Lucius II

Lucius II

pope, of Bologna, properly GERHARD CACCIANAMICI, was a regular Augustinian chorister of St. John of Lateran. He was made cardinal priest of Santa Croce of Jerusalem by Honorius II, and vice-chancellor and librarian of the Church of Rome by Innocent II. He was finally elected pope after the death of Celestine II, March 12, 1144. Soon after his accession, the Romans, under the guidance of Arnold of Brescia, rose against the papal authority, determined, by an Arnoldian spirit, SEE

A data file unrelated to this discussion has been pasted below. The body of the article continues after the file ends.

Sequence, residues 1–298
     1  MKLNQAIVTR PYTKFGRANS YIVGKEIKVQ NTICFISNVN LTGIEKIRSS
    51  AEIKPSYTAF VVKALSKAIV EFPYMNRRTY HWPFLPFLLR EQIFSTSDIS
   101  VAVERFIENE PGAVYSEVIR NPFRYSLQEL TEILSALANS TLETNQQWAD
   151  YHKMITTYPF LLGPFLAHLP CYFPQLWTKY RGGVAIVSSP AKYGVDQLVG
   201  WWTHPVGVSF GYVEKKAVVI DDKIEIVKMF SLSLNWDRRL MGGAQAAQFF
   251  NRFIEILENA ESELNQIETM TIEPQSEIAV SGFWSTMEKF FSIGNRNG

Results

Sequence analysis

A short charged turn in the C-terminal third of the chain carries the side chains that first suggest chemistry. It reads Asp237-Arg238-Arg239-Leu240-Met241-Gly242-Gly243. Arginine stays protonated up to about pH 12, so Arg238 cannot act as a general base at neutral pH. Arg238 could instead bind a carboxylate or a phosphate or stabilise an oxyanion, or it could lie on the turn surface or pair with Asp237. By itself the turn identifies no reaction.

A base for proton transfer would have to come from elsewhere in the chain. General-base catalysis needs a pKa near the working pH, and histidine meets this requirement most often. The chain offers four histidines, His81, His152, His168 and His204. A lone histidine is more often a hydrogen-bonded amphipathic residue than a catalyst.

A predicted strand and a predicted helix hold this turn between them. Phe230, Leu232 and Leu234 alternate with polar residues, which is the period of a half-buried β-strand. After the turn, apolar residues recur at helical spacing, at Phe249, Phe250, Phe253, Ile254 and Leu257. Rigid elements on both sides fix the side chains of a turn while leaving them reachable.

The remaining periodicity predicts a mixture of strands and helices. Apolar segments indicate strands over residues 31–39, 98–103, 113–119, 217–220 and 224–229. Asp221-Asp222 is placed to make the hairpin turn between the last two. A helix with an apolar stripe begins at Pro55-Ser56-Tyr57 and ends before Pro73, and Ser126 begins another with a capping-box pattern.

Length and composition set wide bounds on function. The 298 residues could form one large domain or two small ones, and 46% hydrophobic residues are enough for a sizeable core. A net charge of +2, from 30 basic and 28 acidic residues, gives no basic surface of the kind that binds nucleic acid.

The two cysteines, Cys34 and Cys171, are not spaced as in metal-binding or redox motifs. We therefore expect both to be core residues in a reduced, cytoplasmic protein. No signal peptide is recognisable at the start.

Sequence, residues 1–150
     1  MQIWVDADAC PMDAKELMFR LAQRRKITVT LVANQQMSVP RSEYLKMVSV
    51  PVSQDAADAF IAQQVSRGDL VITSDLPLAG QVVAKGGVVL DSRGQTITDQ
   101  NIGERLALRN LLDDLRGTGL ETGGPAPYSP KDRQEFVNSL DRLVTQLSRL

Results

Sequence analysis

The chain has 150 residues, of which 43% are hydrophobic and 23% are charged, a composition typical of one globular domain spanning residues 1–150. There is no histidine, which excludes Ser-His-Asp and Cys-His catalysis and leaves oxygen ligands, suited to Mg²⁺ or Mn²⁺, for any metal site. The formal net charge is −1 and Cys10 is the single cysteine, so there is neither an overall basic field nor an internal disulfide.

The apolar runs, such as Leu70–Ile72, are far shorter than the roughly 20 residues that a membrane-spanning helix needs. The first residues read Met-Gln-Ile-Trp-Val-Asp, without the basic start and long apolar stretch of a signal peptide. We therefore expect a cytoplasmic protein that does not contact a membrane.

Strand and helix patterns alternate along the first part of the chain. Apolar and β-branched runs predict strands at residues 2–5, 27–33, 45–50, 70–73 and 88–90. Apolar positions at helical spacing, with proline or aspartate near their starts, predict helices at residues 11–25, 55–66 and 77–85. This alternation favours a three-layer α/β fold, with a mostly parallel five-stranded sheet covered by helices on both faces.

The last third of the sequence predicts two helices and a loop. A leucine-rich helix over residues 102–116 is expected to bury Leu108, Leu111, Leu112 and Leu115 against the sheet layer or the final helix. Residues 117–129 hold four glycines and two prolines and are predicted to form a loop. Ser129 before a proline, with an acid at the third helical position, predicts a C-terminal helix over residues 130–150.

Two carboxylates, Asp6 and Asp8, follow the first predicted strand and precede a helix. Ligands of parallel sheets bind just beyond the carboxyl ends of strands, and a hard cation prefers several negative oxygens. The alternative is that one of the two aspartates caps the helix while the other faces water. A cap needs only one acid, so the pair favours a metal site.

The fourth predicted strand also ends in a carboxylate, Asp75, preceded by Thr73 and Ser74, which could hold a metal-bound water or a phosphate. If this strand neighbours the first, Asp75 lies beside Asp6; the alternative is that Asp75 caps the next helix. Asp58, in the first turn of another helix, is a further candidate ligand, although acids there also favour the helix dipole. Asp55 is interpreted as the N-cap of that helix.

ARNOLD OF BRESCIA, to re-establish the old republic, and to this end appointed a patrician in the capitol to govern them, and chose Jordan, son of Peter Leo, as such, giving him all the revenues of the city, and restricting the pope to the tithes and voluntary offerings. "Caesar should have the things that are Caesar's, the priest the things that are the priest's, as Christ ordained when Peter paid the tribute-money" (compare Neander, Ch. History, 4:151). The pope attempted to oppose this revolution, and, at the head of a band of armed followers, went forth to attack the capitol, but was wounded by a stone, and died of this wound, February 25, 1145. See Gibbon, Decline and Fall of the Rom. Empire, 6:426 sq.; Reichel, See of Rome in the Middle Ages, page 226 sq.; Bower, History of the Popes, 6:52 sq. SEE TEMPORAL POWER OF THE POPE.

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